Saturday, August 10, 2013

Common Sense Reasons for Modern Wildfire Intensity

Non-Native Grasses and the human connection for their rapid spread

 photo by Guy McCarthy.
This photo taken around 2:55 p.m. shows smoke rising from
 south of Banning on Aug. 7, 2013. Banning-Beaumont Patch
The scene to the right is Hwy 243 leaving south from downtown Banning up into the San Jacinto Mountains towards Idyllwild California. For almost two decades, I traveled past this very location going to and from work a few times a week. Notice the foothills leading up into the mountains ? They are mostly non-native grasses and other invasive weeds. Not the native wildflowers of the old days when fires went through on a not so regular basis. This week, the Media's favourite so-called Fire expert, Richard Minnich did mention the 1974 Soboba Fire [which gave birth to the Penny Pines Plantation next to Bay Tree Spring - BTW, pines planted were not natives (yet another great Science blunder)] and the (2006 Esperanza fire) which was infamous for taking the lives of five firefighters and burning well over 42,000 acres. He neglected however to mention the 1968 Poppet Flats Fire and the countless other fires which have practically turned this part of the mountain into a mosaic of chaparral and non-native invasive weeds which burn like gasoline (even Minnich admits this). 

image: Mark Alburger

(click on this link to enlarge)
Take a look at the photo above. Some of the first eye witness observer comments were that when the fire first started, it was only 200 acres, but in 30 minutes time it grew to be 2,500. How did that happen ? Grasses! I've watch this mountain range's transformation for almost 25 years now. The lower foothills and steppes are becoming more and more devoid of low sage scrub and the deeper high elevation chaparral is yielding as well. Take the photo above and left here, this same location going across the wash and up the Palms to Pines Hwy 243. Look at the almost pure invasive grass ecosystem which has replaced the majority of the Chaparral. This location has burned almost every years or at length, every couple of years. Not the type of excitement News making fires, but enough to make major impacts on the local ecosystem's demise. In fact, I doubt many remember that on the northern end of Banning of this year 2013, they had a rather large fire back in May called, the "Summit fire". There were some homes lost then as well.
Photo: Stan Lim

CHP Officer Adrian Horta stand at a check point on Hwy 243
looking towards the same exact point of the top photo.
The area is actually one of the worst fires areas for no other reason than that permanently blowing wind through this Pass from the south and west. I seem to remember when every summer in the 1980s to 90s while being in the Hemet/San Jacinto Valley and looking at some dirty gray-brown mushroom cloud to the north and it was always close to this location. From Vista Grande Ranger Station west to Moreno Valley along Hwy 60, these hills have traditionally burned year after year for decades. Grasslands are the predominant ecosystem now which has replaced the low growing chaparral scrub like Buckwheat, California Sagebrush etc. Notice in the third photo here how rapidly that fire has not only grown in size, but even moved west against the westward driven wind flow patterns. The fire speed difference in terms of burn time & distance of a Chaparral landscape versus grass landscape are dramatic. The situation  been made further dangerous by horrible mismanagement created by misguided [though perhaps well intended] Fire Management Policies based & structured solely on the bad science of a select few Forestry-Cult Media figures who are looked upon to as Fire Ecology Gurus. Frankly, their time and outdated thinking should be over. Unfortunately, for many areas, there is no turning back the eco-clock. The results of failed policies based on their bad science reveal that their expertise has destroyed more than they've helped in off fire season management. Scary scenario now is that globally with Climate Shifting, many fire seasons are running close to a full year any more. Something has to change, or the Natural World up in the San Jacinto Mountains and elsewhere will be ruined forever. I use to think Nature could take and handle all manner of abuse, but clearly I was wrong.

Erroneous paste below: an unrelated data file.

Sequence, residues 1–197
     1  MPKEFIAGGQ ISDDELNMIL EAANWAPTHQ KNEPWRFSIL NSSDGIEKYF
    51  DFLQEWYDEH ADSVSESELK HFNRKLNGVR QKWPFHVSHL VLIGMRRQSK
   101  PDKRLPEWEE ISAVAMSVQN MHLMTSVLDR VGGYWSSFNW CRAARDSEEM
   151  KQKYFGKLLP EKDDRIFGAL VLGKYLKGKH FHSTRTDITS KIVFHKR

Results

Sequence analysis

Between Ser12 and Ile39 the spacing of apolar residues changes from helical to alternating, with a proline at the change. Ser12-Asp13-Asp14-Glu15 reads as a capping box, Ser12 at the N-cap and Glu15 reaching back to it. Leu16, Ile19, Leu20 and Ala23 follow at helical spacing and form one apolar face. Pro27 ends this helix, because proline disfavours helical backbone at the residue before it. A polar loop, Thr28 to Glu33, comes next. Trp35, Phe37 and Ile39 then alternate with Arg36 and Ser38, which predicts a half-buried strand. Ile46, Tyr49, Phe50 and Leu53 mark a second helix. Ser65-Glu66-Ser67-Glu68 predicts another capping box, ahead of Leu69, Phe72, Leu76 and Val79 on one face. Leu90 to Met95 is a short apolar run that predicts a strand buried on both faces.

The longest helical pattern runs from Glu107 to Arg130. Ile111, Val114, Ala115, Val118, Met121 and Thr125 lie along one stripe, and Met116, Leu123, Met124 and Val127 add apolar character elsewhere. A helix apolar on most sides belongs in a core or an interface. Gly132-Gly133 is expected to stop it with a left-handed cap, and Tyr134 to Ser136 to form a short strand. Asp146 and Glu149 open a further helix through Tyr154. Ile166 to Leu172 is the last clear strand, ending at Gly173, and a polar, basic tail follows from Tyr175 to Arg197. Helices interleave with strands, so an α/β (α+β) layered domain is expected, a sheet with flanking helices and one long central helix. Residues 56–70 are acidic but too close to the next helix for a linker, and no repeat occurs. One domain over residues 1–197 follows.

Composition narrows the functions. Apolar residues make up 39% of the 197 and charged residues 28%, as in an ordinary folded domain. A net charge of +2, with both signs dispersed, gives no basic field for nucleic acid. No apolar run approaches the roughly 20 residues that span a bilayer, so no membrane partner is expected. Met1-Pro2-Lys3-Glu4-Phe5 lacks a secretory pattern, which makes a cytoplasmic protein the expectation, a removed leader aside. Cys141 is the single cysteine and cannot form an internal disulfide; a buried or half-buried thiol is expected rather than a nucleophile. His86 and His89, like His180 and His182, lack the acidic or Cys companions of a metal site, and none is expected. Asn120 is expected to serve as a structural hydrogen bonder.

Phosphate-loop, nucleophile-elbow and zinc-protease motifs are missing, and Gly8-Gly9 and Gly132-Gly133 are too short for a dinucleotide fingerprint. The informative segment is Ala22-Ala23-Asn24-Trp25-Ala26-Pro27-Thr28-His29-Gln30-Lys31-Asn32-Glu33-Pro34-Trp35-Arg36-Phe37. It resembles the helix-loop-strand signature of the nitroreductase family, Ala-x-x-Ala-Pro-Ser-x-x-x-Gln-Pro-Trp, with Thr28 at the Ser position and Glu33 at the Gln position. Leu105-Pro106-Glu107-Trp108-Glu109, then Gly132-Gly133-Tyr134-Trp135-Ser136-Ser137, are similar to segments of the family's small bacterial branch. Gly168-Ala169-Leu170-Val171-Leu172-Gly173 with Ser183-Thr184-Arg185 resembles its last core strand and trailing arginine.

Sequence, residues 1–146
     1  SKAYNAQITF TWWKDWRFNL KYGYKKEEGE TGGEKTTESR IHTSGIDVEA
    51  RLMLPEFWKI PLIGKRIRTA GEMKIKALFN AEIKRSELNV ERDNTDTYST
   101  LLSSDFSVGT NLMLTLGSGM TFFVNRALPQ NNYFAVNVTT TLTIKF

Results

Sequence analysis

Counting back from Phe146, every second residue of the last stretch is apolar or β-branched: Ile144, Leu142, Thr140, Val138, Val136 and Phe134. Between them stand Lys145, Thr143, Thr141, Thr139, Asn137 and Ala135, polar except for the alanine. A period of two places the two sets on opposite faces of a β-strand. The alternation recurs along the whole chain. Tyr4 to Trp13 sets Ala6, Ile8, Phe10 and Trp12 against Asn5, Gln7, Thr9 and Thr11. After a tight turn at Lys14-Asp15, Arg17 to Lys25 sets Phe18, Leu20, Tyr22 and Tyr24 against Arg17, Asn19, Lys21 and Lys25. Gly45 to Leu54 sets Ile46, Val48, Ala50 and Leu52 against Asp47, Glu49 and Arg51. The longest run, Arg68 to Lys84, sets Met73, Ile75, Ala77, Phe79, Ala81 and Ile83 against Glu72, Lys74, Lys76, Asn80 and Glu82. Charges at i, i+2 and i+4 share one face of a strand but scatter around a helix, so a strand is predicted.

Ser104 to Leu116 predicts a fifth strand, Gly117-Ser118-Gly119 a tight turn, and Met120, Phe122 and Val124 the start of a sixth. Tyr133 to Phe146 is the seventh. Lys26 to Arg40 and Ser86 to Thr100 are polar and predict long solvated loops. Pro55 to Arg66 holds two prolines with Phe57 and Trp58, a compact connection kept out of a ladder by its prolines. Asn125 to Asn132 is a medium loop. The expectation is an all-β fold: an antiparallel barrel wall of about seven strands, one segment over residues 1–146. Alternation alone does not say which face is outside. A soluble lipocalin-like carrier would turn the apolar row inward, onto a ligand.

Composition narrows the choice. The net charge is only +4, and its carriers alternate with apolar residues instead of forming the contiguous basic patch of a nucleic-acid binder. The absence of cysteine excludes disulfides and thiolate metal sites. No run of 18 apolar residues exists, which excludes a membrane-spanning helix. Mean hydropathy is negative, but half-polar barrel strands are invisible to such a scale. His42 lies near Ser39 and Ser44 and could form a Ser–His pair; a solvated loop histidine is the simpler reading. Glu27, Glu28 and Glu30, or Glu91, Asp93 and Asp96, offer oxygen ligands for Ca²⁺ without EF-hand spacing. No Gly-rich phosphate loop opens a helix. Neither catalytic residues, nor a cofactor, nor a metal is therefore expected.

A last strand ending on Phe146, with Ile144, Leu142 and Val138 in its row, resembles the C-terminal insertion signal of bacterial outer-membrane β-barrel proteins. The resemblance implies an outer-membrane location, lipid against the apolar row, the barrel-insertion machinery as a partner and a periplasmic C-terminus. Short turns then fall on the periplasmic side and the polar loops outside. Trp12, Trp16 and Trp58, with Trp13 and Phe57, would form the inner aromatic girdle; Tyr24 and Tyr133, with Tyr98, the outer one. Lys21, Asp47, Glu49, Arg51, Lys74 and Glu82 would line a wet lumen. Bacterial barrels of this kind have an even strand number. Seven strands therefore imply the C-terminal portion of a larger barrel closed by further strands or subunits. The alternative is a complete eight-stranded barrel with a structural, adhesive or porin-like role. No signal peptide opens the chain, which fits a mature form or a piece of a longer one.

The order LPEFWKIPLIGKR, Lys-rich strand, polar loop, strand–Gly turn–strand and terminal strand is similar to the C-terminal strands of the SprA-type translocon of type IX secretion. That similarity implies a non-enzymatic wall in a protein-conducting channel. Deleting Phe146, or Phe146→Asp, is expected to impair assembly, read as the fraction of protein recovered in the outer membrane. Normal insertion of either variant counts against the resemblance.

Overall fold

Take the example below of a wildfire management program which is a major failure, although the people behind this Hwy 74 firebreak creation program would probably never admit this. This project I have to imagine was a strategy of creating some imaginary barrier along both sides of Hwy 74 west of Mountain Center and Idyllwild in hopes of preventing a major megafire advance towards those mountain communities. These images expose the incompetent  horrible planning and decision making which demanded the  removal of old growth Chaparral on both sides of the Highway, the result of which has allowed invasive non-native grasses to infiltrate. This terrible decision was started and in progress in 2010 and through 2011 when I last visited this area with my wife. At that time I should have taken photos as it was in progress, but I didn't. However I knew exactly what would happen. There were large massive piles of brush which were later hauled off site to an area for grinding up the chaparral. Now fast forward here to 2013, some chaparral vegetation has grown back, but in a far worse case fire scenario circumstance than previously before chaparral removal. You should know that several psychopath Arsonists have actually tried to start fires here at this east end of the canyon and only created smoldering white smoke previously and were caught as a result of the difficulty of actually getting a raging fire going. The new invasive grass habitat almost guarantees such attempt will succeed in the future.